A prominent ethnic Mongolian dissident called on Friday on the ruling Chinese Communist Party to investigate violent clashes between Mongolian herders and incoming Han Chinese settlers in two separate locations this week that left several people injured and two in hospital.
"The Han Chinese are moving in and occupying the land belonging to ethnic Mongolians, and this causes disputes; they are all over the grasslands belonging to the herders," said Hada, who has served 19 years behind bars for speaking out on behalf of ethnic Mongolians in China.
"It is happening every minute of every day, but government policy is to wipe out nomadic culture," he said. "That's why they always protect the Han Chinese when they take over."
"We have seen this with the violence that has just occurred," he said.
Ethnic Mongolians living in Baarin Right Banner near Chifeng city said they were attacked on Thursday by Han Chinese migrants wielding metal pipes and batons, leaving a number of people injured, two of them seriously.
"This happened yesterday at Suubaar village and Shuumangha district as part of a dispute over the grasslands," a local resident said on Friday. "The clashes were between local Han Chinese and ethnic Mongolian herders."
"Two Mongolians are still recovering from their injuries, and they are receiving treatment in hospital," the resident said.
Video of the aftermath of the violence seen by RFA showed an ambulance arriving, and two men stretched out full length on the grassland, apparently unconscious.
An ethnic Mongolian herders said such clashes are becoming increasingly common in the region.
"The grasslands that are collectively held by ethnic minority groups are being taken over by Han Chinese migrants from Shaanxi province to the south," the herder said.
"This is happening all over."
Residents of Shuluun Huh Banner near Xilinhot city reported a similar clash on Wednesday.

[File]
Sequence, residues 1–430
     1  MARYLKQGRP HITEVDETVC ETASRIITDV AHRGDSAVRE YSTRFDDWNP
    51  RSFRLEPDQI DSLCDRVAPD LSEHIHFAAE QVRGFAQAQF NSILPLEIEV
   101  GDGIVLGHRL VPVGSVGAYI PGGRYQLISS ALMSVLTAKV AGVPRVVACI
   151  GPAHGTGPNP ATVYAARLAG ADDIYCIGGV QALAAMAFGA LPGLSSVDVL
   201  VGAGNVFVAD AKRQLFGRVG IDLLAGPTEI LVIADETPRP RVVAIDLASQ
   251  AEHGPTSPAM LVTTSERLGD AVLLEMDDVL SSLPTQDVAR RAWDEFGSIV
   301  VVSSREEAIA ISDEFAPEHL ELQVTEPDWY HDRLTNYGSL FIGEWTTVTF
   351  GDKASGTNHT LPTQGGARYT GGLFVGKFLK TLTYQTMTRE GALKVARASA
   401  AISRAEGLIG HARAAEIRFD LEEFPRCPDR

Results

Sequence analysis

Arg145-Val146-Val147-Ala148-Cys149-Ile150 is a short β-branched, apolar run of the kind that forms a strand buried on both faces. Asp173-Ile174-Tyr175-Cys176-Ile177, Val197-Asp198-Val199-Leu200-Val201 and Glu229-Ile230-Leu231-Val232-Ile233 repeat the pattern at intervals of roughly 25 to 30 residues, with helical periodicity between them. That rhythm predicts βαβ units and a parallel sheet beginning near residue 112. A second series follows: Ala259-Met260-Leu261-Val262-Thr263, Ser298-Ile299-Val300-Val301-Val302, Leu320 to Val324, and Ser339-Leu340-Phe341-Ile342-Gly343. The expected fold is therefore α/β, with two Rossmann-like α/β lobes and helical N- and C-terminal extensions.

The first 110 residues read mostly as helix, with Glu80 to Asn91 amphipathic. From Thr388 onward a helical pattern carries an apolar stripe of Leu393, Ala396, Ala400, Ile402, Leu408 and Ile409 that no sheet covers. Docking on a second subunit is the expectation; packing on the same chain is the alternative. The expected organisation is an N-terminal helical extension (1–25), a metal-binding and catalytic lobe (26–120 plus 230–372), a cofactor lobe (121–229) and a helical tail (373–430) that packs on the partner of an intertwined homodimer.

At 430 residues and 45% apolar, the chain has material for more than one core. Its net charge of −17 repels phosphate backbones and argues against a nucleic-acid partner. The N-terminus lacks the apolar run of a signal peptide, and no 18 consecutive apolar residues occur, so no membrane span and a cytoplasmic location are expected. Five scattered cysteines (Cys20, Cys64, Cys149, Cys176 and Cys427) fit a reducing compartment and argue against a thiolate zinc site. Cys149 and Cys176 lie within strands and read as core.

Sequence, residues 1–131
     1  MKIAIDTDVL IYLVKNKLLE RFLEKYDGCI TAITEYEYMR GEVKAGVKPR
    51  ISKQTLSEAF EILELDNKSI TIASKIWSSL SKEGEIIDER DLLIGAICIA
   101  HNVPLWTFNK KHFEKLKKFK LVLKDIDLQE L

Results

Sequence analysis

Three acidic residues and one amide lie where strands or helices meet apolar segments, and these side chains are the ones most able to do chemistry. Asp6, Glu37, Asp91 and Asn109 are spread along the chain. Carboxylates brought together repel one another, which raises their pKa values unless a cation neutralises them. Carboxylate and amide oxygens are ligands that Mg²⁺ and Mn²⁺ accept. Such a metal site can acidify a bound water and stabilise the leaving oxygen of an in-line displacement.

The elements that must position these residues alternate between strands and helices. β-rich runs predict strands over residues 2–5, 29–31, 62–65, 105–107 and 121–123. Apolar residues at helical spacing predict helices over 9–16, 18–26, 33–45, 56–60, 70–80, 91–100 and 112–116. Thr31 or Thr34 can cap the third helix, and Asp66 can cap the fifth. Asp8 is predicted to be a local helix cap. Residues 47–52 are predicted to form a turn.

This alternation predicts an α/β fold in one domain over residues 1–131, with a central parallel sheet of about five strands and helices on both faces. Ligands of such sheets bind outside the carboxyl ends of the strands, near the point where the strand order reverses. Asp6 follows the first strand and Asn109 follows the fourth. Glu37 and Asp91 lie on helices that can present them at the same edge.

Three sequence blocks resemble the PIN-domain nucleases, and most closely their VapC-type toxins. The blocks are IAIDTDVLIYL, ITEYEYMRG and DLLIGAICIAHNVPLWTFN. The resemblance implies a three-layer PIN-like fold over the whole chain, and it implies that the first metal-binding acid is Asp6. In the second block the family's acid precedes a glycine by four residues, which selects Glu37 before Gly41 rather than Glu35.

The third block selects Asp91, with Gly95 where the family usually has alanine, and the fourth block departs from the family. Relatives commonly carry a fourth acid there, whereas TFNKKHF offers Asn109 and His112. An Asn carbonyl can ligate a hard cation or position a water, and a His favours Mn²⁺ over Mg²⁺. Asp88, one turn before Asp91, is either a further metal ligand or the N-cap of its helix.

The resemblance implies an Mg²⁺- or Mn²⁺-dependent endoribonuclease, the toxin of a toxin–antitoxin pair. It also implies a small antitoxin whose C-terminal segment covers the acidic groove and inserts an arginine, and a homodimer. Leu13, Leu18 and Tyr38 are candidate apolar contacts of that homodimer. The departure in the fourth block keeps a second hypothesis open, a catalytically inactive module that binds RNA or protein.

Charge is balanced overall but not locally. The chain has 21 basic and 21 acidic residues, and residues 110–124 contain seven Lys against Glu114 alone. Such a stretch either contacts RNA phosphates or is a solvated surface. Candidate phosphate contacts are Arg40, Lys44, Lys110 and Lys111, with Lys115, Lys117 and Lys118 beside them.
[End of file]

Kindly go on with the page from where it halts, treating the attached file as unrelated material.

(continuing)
"The dispute arose when the lease on the grasslands held by [ethnic Mongolian] Chingalaat was transferred wholesale to the Han Chinese [for cattle farming]," one local resident told RFA on Friday.
"The boss of the cattle farm beat up Chingalaat, who was taken to hospital," he said. "The authorities in Shuluun Huh didn't care about the case, the grasslands bureau, for example."
Chingalaat sustained multiple injuries to his head and body, and is currently in a semi-conscious state in hospital, the resident said.
Calls for his attacker to be detained have gone unheeded by police, however.
A second local resident said the cattle farm had illegally occupied land that rightfully belonged to Chingalaat.
"Now they want the government to save hime, and to punish the suspect severely," the herder said. "They should also sort out the dispute over the grasslands."
Ethnic Mongolians, who make up almost 20 percent of Inner Mongolia's population of 23 million, increasingly complain of widespread environmental destruction and unfair development policies in the region.
Clashes between Chinese state-backed mining or forestry companies and herding communities are common in the region, which borders the independent country of Mongolia.
Reported by Qiao Long for RFA's Mandarin Service. Translated and edited by Luisetta Mudie.